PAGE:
# Voltage - Quick Question

1. May 22, 2007

### husky88

1. The problem statement, all variables and given/known data
What is wrong with this statement: A charged rod has a voltage of 0.50 A through it. Explain your answer.

2. Relevant equations

3. The attempt at a solution
A charged rod cannot have a voltage through it and voltage is not measured in A. Right? I know that to have a voltage, there must be a potential difference determined by two different charges. But what if the rod was a magnet? Would there be a voltage through a magnet?

2. May 22, 2007

### Maxwell

You're right, voltage is not measured in Amps. Current is. Is this supposed to be a trick question, or is it just to see if you are paying attention?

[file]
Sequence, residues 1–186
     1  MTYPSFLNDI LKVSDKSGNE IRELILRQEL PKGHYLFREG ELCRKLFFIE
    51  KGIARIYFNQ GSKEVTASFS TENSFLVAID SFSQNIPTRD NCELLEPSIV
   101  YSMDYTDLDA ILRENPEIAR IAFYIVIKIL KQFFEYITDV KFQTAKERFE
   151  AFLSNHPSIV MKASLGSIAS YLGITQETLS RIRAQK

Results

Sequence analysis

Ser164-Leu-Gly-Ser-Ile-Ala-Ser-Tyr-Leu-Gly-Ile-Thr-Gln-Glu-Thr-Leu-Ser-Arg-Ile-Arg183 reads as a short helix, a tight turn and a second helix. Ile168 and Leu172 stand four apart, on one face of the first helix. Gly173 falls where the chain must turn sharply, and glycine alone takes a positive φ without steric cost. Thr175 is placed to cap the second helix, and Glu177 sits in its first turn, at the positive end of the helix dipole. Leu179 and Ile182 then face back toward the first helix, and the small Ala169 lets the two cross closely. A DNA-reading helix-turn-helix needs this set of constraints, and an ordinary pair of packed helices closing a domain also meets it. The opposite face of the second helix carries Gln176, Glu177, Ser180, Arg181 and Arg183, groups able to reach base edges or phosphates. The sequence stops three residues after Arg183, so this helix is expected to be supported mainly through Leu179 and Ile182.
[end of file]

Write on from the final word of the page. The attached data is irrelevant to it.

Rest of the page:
3. May 22, 2007

### husky88

I don't know (?). Is it a trick question?

4. May 23, 2007

### ijustlost

I think the only problem with the statement is the Amps bit. You're right that for there to be a potential difference you need a difference in charge, but if all the charge in the rod were at one end it could have a potential difference across it.

Magnetic "voltage" is different to electric voltage. You're right that a bar magnet would, in a sense, have a magnetic potential across it as it has two poles.

5. May 23, 2007

### husky88

Thank you. That clarifies my understand of voltage, finally.